[alsa-devel] Regression due to 6169b673618b "ALSA: hda - Always turn on pins for HDMI/DP"
swarren at wwwdotorg.org
Thu Jan 30 00:34:11 CET 2014
It looks like commit 6169b673618b "ALSA: hda - Always turn on pins for
HDMI/DP" has caused a regression on NVIDIA graphics cards. It's been
reported to us by at least two separate users.
On NVIDIA GPUs, it appears that if multiple pin complex widgets have
their input mux set to the same audio output widget and PIN_OUT, then
only one of the pin complex widgets will actually receive the audio.
That's the reason we need to dynamically toggle PIN_OUT on and off, so
that only actually active pin complex widgets are enabled. Without this,
audio will be routed to the same pin complex all the time, rather than
the user-selected device. I'm not sure if this is the way HDA CODECs are
meant to work, but it certainly is how they do work:-)
So, I'd like to basically revert 6169b673618b "ALSA: hda - Always turn
on pins for HDMI/DP", and return the code to the state it was after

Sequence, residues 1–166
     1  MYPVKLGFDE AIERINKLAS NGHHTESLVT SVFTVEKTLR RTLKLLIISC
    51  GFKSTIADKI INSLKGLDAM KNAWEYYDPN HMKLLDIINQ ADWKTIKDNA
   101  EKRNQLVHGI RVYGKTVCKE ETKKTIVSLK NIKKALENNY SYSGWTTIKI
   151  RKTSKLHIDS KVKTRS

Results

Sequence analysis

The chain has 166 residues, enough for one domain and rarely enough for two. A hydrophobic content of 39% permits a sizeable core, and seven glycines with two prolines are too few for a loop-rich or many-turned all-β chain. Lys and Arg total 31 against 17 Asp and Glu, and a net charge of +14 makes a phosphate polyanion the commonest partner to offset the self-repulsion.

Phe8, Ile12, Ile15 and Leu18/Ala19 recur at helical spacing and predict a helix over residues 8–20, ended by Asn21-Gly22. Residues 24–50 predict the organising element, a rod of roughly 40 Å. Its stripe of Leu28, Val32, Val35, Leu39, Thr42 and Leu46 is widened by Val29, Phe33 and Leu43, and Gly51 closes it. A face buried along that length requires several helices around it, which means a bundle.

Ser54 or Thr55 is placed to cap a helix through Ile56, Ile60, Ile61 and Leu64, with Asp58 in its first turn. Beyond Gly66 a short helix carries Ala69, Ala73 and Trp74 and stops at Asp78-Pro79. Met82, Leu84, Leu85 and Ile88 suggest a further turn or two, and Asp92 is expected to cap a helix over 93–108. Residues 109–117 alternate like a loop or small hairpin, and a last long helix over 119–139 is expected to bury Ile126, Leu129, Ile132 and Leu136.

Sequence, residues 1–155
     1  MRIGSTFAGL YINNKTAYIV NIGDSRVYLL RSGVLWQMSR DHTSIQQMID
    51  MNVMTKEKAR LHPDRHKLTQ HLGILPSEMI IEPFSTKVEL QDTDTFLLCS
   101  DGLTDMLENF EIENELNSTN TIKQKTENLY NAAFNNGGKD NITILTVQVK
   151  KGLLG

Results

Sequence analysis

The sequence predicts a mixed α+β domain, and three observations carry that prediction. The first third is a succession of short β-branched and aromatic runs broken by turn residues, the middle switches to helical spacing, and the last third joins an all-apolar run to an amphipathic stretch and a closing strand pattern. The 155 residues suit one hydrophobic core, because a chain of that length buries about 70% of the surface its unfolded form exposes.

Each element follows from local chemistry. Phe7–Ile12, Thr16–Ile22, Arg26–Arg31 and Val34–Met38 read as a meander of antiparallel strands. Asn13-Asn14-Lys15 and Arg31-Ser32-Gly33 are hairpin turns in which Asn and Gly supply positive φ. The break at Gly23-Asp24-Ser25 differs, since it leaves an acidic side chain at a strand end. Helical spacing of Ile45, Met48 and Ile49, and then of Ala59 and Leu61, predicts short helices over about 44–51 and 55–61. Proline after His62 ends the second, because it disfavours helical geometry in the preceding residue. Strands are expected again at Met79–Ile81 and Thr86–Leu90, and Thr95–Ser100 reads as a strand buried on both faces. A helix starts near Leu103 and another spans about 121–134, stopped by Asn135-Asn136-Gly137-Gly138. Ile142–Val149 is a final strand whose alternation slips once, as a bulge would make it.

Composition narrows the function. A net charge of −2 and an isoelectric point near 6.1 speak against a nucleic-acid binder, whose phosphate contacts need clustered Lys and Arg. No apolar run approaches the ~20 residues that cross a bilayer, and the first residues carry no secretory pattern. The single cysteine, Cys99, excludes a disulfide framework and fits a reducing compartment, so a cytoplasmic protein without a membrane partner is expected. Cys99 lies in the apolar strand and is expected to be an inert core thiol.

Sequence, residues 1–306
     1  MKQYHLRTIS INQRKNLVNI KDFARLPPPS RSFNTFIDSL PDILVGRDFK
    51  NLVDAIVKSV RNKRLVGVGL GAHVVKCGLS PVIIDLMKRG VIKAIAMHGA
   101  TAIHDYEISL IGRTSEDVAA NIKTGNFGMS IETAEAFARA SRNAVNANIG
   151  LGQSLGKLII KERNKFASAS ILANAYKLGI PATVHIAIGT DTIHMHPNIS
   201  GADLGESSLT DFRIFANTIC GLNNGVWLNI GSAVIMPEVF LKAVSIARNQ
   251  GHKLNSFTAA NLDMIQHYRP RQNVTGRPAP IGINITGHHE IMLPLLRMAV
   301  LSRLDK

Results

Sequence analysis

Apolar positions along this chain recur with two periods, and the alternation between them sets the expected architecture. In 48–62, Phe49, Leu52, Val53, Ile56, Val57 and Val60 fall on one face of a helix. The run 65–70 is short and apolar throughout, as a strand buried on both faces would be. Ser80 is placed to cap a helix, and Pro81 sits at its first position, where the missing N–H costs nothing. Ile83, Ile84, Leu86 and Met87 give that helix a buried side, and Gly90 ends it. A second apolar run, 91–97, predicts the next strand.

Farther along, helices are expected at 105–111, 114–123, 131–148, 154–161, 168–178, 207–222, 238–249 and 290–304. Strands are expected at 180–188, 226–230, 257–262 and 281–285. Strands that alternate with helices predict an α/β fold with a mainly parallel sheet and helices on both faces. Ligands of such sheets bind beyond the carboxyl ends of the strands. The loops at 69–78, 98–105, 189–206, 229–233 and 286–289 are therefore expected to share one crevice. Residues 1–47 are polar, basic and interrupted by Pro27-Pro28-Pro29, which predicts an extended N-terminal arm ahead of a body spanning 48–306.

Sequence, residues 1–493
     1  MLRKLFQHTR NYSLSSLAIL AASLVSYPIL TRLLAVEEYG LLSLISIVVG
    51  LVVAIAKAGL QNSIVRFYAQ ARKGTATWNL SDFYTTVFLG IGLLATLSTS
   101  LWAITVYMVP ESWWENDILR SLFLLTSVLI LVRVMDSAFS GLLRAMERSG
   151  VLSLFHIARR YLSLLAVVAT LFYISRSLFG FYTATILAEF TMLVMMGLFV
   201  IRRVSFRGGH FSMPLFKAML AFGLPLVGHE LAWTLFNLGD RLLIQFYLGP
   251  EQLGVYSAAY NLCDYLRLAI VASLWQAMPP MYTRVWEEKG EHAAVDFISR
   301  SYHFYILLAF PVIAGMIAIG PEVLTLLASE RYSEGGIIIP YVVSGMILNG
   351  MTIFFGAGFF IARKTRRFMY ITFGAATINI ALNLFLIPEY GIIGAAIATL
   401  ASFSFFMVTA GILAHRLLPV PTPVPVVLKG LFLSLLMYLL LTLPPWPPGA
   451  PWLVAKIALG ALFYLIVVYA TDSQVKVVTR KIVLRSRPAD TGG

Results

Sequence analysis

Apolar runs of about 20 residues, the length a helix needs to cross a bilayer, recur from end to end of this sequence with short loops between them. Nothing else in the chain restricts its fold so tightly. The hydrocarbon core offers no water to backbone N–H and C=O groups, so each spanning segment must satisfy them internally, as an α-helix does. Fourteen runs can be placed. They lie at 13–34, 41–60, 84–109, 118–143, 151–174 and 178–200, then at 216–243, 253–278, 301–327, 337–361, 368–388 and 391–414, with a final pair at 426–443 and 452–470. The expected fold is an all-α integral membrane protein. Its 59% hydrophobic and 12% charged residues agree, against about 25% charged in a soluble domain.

commit 384a48d71520 "ALSA: hda: HDMI: Support codecs with fewer cvts
than pins". However, I obviously don't want to re-introduce the
regression that your commit solved. I think we should solve this by
including the code for both behaviours in the kernel, and having either
a flag in struct hdmi_spec, or some extra ops in struct hdmi_ops, select
between the two paths. Does that seem reasonable?
If so, the only remaining question is: which behaviour should be default
a/k/a should I blacklist the problematic GM965 (mentioned in
https://bugzilla.kernel.org/show_bug.cgi?id=51421) against having the
dynamic PIN_OUT behaviour, or whitelist NVIDIA GPUs as requiring the
dynamic PIN_OUT behaviour? I know that my patch worked fine on my wife's
Intel chipset, but I have no idea if the dynamic PIN_OUT behaviour was
actually needed there, or simply tolerated, and I have no way to test
much aside from NVIDIA GPUs. That all said, the dynamic PIN_OUT
behaviour seems to make most sense to me, or some systems may end up
with audio being sent to multiple outputs when only one was expected.
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